How to Improve Your Leadership Skills in 3 Steps
All leaders should continually improve in order to progress in their career. If you aren’t growing in your capabilities, and you aren't stretching yourself, then you're either stagnating, or maybe even going backwards. However, if you really want to advance your leadership skills, you'll need to do more than just read a couple of books and attend the annual seminar.

To truly improve as a leader, you need to take a strategic approach to your growth. That means honestly assessing where you are at, mapping out a path to get where you want to go, and later on, reviewing your progress and redefining your goals. It is a cyclical three-step process that should sit at the heart of your continuous professional development.

Knowledge

Below are our top tips on how to improve your leadership skills in three steps.

1. Assess current and previous leadership performance

In any personal growth process, before you dive into action, you need to take the time to clearly understand exactly what it is you want to change. That means assessing your previous performance on leadership tasks and identifying your strengths, weaknesses and blind spots.

Start by looking at specific past situations where you lead people or teams and felt you should have done better. Try to take an objective, third-person viewpoint here. If you were watching the scenario play out on stage, what would be your evaluation?

This can be a tough task. You really have to assess the merit of your specific thoughts and actions: whether you made strong, balanced, decisive decisions, and whether you were able to adapt to the demands of the evolving situation.

By looking at these factors, you can home in on your areas for personal improvement in leadership situations. Here are some questions you could ask yourself:

Team leadership

  • Did you man manage the team well?
  • Did you inspire them to go above and beyond?
  • Did you pay attention to group dynamics, and nudge them towards harmonious performance, and away from dysfunction?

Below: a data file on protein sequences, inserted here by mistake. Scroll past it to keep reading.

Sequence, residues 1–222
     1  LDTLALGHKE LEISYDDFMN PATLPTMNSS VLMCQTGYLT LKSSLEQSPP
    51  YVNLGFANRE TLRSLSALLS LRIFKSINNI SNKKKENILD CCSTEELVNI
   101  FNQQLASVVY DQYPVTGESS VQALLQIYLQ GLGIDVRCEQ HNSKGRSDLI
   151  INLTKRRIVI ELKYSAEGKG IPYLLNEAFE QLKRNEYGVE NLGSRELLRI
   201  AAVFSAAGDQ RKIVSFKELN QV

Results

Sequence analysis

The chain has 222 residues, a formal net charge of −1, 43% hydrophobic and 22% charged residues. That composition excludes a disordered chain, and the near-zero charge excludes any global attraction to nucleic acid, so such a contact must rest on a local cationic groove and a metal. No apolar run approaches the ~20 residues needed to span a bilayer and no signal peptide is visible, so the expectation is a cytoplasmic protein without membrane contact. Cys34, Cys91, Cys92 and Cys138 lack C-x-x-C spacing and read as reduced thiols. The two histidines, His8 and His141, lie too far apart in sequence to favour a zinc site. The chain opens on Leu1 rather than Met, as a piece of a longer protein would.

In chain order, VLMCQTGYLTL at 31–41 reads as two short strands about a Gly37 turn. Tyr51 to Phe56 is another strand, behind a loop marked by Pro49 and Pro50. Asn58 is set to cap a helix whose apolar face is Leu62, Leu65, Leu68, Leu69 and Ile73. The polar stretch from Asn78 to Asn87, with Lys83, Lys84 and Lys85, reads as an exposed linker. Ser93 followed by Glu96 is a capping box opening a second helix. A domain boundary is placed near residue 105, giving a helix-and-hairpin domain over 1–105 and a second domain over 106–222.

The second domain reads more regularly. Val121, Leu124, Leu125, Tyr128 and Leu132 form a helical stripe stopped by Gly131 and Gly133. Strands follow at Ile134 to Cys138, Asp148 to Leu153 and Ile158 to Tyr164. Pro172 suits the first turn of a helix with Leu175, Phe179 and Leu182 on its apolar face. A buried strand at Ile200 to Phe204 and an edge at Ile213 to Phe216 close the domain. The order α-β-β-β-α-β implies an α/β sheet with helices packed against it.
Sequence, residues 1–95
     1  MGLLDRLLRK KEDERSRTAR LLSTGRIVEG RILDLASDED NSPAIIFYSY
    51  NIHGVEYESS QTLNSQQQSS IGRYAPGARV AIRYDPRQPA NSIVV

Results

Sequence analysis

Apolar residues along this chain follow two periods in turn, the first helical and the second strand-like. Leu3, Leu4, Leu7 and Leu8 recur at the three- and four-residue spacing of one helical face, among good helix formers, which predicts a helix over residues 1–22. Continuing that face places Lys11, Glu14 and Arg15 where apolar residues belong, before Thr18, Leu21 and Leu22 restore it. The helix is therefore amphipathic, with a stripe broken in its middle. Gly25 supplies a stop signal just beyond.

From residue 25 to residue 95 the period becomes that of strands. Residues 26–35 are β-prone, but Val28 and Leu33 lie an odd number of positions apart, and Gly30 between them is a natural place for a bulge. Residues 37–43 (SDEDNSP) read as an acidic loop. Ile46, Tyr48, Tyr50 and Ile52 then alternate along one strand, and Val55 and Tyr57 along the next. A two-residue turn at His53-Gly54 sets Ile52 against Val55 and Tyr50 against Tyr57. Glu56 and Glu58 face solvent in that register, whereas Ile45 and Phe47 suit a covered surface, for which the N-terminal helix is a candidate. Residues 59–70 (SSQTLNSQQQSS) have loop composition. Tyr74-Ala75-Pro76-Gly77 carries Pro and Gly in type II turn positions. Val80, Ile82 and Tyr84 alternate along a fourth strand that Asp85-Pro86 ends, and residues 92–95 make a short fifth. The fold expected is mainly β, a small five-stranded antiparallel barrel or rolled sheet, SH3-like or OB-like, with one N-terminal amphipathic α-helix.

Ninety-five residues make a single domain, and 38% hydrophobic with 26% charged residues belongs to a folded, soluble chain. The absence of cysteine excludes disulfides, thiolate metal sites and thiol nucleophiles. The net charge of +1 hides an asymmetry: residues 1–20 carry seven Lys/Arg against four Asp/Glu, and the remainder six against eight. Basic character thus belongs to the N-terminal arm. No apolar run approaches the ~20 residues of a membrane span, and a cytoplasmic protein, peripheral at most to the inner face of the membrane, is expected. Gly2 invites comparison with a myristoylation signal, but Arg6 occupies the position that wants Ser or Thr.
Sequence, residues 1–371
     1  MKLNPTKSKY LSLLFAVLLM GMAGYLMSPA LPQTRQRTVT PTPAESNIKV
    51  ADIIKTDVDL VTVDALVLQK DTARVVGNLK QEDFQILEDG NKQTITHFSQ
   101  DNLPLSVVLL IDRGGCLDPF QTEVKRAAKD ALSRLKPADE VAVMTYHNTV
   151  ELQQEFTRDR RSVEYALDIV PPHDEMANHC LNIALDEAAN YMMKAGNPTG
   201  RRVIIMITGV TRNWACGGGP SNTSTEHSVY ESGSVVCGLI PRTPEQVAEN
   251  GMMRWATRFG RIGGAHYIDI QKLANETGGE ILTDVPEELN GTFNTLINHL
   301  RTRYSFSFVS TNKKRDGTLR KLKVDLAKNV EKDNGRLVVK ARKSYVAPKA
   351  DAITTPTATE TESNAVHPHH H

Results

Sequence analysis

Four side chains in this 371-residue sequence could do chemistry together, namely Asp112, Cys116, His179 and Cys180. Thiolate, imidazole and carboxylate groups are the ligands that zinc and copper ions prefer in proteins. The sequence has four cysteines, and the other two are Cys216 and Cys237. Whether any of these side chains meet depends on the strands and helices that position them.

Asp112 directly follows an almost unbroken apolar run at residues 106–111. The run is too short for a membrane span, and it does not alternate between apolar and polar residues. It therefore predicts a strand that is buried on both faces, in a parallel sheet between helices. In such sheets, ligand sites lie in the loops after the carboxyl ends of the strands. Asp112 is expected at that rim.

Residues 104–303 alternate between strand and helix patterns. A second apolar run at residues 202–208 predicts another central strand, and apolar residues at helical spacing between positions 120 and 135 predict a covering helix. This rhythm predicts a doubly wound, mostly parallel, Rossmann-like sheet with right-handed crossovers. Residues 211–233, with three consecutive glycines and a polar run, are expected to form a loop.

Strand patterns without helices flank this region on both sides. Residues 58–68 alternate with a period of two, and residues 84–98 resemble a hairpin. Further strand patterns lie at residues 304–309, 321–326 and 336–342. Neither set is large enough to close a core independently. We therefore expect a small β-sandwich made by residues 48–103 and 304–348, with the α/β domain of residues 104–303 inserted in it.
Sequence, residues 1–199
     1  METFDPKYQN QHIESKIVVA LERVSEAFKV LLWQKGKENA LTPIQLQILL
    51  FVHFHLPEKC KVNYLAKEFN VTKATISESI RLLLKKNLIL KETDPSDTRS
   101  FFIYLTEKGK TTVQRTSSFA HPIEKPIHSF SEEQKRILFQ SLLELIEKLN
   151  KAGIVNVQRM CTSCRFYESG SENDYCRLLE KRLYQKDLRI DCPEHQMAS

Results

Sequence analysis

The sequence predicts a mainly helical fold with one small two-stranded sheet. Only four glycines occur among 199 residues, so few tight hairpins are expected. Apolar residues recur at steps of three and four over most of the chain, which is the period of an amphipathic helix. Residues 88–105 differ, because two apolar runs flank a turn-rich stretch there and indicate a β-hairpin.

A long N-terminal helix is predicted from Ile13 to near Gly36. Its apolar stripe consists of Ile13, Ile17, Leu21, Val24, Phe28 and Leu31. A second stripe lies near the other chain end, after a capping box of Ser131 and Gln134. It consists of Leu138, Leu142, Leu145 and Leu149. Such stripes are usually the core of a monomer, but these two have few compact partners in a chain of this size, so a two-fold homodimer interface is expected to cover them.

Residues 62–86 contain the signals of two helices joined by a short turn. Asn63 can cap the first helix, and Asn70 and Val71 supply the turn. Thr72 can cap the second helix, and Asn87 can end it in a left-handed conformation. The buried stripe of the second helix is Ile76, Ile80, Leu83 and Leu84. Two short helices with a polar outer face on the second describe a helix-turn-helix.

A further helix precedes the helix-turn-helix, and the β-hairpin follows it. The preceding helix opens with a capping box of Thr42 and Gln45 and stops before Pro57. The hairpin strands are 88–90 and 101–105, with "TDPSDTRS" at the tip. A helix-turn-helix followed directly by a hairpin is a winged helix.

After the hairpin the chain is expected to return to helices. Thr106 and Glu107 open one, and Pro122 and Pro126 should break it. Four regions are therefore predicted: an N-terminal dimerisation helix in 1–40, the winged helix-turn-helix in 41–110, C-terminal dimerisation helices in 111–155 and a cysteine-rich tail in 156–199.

Decision-making

  • Did you take note of the opinions of all the key stakeholders in the process?
  • Did you weigh up options, and balance your decision based on risk-reward ratios?
  • Did you make the decision quickly enough?

Adaptability

  • Did you recognise changing team circumstances and respond to them?
  • Did you recognise changing environmental circumstances and respond to them?
  • Did you adapt your leadership style if you sensed a different approach would be better?

Score yourself out of ten, and come up with a leadership score on these three dimensions. Feel free to come up with other dimensions and questions – the key is to break leadership down into the criteria that matter for your business, and honestly assess yourself.

Find your blind spots

Self-assessment is valuable, but we all have weaknesses that we can't see. We may simply not be aware of them, or perhaps we downplay their importance – either way, it's useful to get outside feedback on your leadership abilities.

Consider putting together a survey for your team members, and ask your superiors to give you whatever constructive feedback they can think of. This 360° review is likely to reveal at least one or two surprising gems.  It nearly always adds more than self-assessment alone, even if you are the most emotionally intelligent person in the loop.

2. Change habits, reshape attitudes, build competencies

Armed with the information from your assessments, you can go about making some changes.

You'll likely have identified one or more automatic habits that aren't serving you well as a leader. They may not be the result of any particular entrenched psychological issue – but rather, they're simply ineffective autopilot responses that you've absorbed over the years.